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The Weirdest Thing in the Batcave: Batman’s Truth Chamber

While it’s hardly the most groundbreaking or notable thing to happen in the issue, one of the scenes that most intrigued me in this week’s Batman and Robin #16 was a page by Grant Morrison and Chris Burnham in which the villainous Dr. Hurt lured Batman into a a strange, mirror-lined room in the Batcave. According to Hurt, it’s “an interrogation room where you once terrified your victims into confessing,” and that sounded awfully familiar. So like any Batmanologist worth his cape, I did some research with Michael Fleisher’s encylopedia to find out just what that thing actually was.

And now that I’ve seen the source material, I’m pretty sure that this is the single weirdest thing in the Batcave. And considering it’s only two doors down from a robotic tyrannosaurus, that’s saying something.Like a lot of things in the Morrison run, Batman’s Truth Chamber is a resurrected plot device from the Caped Crusader’s distant past. Specifically, it appears on exactly two pages from the lead story in 1948’s Detective Comics #134, a Penguin caper called “The Umbrellas of Crime.” And fittingly enough for the era, it’s pretty bizarre:

It’s important to note that Batman getting whacked in the head with an actual penguin is probably the least weird thing to happen on these pages.

As you can see, when he’s unable to get a hardened crook to crack and give up the information he needs, Batman drags him back to his anti-crime basement in order to employ some enhanced interrogation techniques, which essentially amount to putting him in a hall of mirrors and shining a flashlight at him.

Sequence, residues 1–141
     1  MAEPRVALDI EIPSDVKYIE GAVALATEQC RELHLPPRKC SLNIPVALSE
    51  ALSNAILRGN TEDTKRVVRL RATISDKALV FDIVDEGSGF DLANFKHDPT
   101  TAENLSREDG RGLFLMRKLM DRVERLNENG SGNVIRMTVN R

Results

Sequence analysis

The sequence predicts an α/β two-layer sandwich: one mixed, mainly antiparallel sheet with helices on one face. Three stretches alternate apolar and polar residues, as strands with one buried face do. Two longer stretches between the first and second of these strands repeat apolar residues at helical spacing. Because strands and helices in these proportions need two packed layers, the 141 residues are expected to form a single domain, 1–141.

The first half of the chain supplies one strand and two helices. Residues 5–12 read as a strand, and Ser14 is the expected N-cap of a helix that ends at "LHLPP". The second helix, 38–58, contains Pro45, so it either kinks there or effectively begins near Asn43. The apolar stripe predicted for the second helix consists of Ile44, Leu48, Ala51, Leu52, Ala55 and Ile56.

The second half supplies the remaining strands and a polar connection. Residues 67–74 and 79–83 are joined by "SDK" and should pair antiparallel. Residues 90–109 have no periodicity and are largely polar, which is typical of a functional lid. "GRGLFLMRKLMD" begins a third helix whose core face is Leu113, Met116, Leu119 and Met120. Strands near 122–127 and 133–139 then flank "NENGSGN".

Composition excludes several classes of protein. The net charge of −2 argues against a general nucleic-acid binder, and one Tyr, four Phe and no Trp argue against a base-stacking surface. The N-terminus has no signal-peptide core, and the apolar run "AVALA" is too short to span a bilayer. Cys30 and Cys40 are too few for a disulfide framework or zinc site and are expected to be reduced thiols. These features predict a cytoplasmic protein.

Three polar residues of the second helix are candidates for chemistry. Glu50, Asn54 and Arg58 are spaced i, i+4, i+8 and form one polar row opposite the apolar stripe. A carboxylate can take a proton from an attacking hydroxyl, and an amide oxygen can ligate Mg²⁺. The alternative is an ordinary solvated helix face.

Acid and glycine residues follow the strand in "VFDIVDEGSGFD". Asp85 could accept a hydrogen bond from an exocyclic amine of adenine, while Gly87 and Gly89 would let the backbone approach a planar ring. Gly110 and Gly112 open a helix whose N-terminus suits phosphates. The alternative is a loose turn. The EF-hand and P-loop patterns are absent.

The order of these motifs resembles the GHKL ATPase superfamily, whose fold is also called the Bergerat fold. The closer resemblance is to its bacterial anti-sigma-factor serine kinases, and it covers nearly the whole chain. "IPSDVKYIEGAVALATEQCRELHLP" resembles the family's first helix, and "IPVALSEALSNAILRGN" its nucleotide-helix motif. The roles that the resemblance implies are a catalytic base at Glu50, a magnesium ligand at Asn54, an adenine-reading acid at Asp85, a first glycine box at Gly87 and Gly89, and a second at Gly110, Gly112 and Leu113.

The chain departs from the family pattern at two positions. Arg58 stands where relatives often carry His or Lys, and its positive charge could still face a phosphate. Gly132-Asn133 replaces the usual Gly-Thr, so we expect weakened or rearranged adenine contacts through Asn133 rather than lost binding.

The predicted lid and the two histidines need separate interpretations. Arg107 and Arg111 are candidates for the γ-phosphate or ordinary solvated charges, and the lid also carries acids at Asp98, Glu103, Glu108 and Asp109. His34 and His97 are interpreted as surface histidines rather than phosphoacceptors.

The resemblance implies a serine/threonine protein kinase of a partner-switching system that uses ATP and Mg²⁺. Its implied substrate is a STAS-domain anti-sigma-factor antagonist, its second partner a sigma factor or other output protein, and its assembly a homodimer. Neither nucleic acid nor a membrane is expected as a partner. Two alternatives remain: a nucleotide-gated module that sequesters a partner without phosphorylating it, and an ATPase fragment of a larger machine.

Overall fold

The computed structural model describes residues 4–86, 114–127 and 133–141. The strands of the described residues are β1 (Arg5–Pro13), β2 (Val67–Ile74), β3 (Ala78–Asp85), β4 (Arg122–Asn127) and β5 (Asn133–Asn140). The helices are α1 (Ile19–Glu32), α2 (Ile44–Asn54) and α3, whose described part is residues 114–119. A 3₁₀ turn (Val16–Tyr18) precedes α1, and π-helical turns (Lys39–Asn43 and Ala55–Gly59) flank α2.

This, in 1948, was enough to drive a criminal so crazy that he immediately went into the signature Steve Ditko/EC Comics “crazy floating head spiral”:

As near as I can tell, the Truth Chamber wasn’t seen again until this week, and I think there’s a pretty good reason for that. To me, it just seems a little out of character for a good guy like Batman — even one based almost entirely around intimidation and fear — to build a psychological torture chamber underneath his house, complete with a chair the victim gets strapped into so they can’t move. It’s one thing to dangle a bank robber off a building and growl at him until he cracks, but to actually spend time constructing a room meant to drive people insane in a cave? That’s perilously close to straight up ordering to put the lotion on their skin or else they get the hose again.

Even so, I can’t lie: the panel of Batman casually kicking it in a chair that he apparently brought down from the dining room while he harasses Hagen into tipping him off to the shennanigans at the State Fair? That is fantastic.

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